December 3, 2018 at 10:00 am EST | by Kevin Naff
Undeserved praise for George H.W. Bush
George H.W. Bush, gay news, Washington Blade

President George H.W. Bush speaks at the National Press Club on Jan. 5, 1988. (Washington Blade archive photo by Doug Hinckle)

There’s nothing more galling than revisionist history and last weekend’s reactions to the death of former President George H.W. Bush brought an onslaught of it to many social media feeds and, more predictably, to mainstream media.

I was stunned to see my own feeds filled with tributes to the 41st president — some written by gay men. And on World AIDS Day, no less.

Even the Advocate — once a leading critic of the Reagan-Bush administrations — joined this chorus of glossing over Bush’s anti-LGBTQ record. In an Advocate story posted on World AIDS Day about Bush’s death, the word “AIDS” appears just once in a reference to Reagan. The headline describes Bush as “no enemy of LGBTQ people.”

In Neal Broverman’s Advocate story, Bush is credited with signing the Hate Crimes Statistics Act. But he fails to mention that the measure was a far cry from passing a real hate crimes bill that Democrats and LGBTQ allies wanted in 1990 but was impossible to achieve given Bush was in the White House. Broverman also cites the 1990 removal of a ban on “sexual deviation” from the Immigration and Nationality Act that Bush presided over. But this glosses over the reality that removal of that language was part of a much larger immigration measure. Bush was no LGBTQ advocate. Quite the opposite.

He referred to gay men as “those people,” assailed ACT UP for its efforts at fighting AIDS, described same-sex parents as “not normal,” and vocally supported the military’s ban on gay service members. He gave voice to the far-right evangelicals who now dominate the GOP and appointed Clarence Thomas to the Supreme Court. But worse than all of that, Bush was one half of the Reagan-Bush administration that was criminally negligent in responding to the emerging AIDS crisis of the early 1980s.

Bush is being lauded for his “civility” this week in breathless tributes from the mainstream media that mercilessly mocked him as president. In death, Bush has morphed into a saint because he was “civil” compared to the current White House occupant. The bar is low.

Bush’s patrician approach to the job was woefully out of step for the dire times in which he served as president. From a crippling recession to the horrors of the AIDS plague, America needed a bold fighter, not a polite placeholder president. He hated ACT UP because its members represented the direct opposite of Bush’s approach – they were loud, rightly angry and demanded accountability from the government that was ignoring them and the plight of tens of thousands of mostly gay men dying. Fuck civility when we’re losing an entire generation of American gay men. Bush and his predecessor Reagan turned a willfully blind eye to the epidemic because they and their evangelical base of supporters didn’t care about the lives of gay men, people of color and drug users, three groups disproportionately impacted by AIDS.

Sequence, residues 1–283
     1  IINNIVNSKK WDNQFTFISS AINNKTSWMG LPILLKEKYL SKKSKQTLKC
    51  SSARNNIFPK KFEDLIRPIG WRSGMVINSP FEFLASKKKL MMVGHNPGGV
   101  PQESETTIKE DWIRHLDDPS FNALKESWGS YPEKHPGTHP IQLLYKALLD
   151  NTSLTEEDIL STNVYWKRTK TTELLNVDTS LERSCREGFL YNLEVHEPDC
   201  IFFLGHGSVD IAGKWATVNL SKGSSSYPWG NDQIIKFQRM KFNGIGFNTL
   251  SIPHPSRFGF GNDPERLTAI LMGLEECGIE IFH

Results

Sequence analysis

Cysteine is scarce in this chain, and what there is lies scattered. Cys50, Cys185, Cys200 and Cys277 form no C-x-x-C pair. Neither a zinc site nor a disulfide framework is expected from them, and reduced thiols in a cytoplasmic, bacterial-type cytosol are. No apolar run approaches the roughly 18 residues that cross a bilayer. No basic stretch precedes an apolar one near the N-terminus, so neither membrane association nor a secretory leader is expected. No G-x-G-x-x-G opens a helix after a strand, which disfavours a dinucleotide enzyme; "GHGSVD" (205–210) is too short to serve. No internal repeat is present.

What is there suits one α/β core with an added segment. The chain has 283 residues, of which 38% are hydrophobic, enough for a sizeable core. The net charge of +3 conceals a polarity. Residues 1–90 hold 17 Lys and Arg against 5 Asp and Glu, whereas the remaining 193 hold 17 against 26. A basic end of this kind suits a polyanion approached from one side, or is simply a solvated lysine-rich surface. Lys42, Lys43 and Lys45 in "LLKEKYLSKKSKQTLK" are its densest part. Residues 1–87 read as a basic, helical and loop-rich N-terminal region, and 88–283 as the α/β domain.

Bush refused to tackle AIDS honestly, repeatedly calling for “behavioral” changes rather than addressing education and prevention efforts directly and urgently to the communities most directly affected. He was so bad, even the Log Cabin Republicans wouldn’t support him.

Fast forward 28 years and all of that easily Google-able, damning information is somehow forgotten or ignored as the country embarks on a weeklong, saccharine embrace of a failed president who time and again chose callous political expediency over doing the right thing. And 28 years later, even some gay men are joining the Bush whitewashing effort. We can express sympathy for Bush’s grieving family without ignoring the unforgivable damage his “service” did to the LGBTQ community.

Nostalgia for the Bush era is misplaced. Those who died at the hands of an uncaring government presided over by Bush and Reagan deserved better on World AIDS Day.


Kevin Naff is editor of the Washington Blade. Reach him at [email protected].

Kevin Naff is the editor and a co-owner of the Washington Blade, the nation’s oldest and most acclaimed LGBT news publication, founded in 1969.

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